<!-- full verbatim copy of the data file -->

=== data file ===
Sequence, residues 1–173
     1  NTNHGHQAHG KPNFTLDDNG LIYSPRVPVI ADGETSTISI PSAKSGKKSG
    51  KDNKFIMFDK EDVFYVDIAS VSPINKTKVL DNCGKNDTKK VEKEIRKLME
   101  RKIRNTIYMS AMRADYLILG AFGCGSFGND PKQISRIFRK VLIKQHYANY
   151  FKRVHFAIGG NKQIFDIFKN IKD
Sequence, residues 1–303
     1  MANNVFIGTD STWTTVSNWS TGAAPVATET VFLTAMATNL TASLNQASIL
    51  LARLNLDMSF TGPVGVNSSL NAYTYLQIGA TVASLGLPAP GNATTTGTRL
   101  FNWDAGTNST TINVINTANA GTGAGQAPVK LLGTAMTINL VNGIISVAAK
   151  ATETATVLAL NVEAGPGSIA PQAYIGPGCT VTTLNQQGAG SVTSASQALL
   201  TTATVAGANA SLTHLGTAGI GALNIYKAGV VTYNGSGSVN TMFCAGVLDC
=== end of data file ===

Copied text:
Sequence, residues 1–173
     1  NTNHGHQAHG KPNFTLDDNG LIYSPRVPVI ADGETSTISI PSAKSGKKSG
    51  KDNKFIMFDK EDVFYVDIAS VSPINKTKVL DNCGKNDTKK VEKEIRKLME
   101  RKIRNTIYMS AMRADYLILG AFGCGSFGND PKQISRIFRK VLIKQHYANY
   151  FKRVHFAIGG NKQIFDIFKN IKD
Sequence, residues 1–303
     1  MANNVFIGTD STWTTVSNWS TGAAPVATET VFLTAMATNL TASLNQASIL
    51  LARLNLDMSF TGPVGVNSSL NAYTYLQIGA TVASLGLPAP GNATTTGTRL
   101  FNWDAGTNST TINVINTANA GTGAGQAPVK LLGTAMTINL VNGIISVAAK
   151  ATETATVLAL NVEAGPGSIA PQAYIGPGCT VTTLNQQGAG SVTSASQALL
   201  TTATVAGANA SLTHLGTAGI GALNIYKAGV VTYNGSGSVN TMFCAGVLDC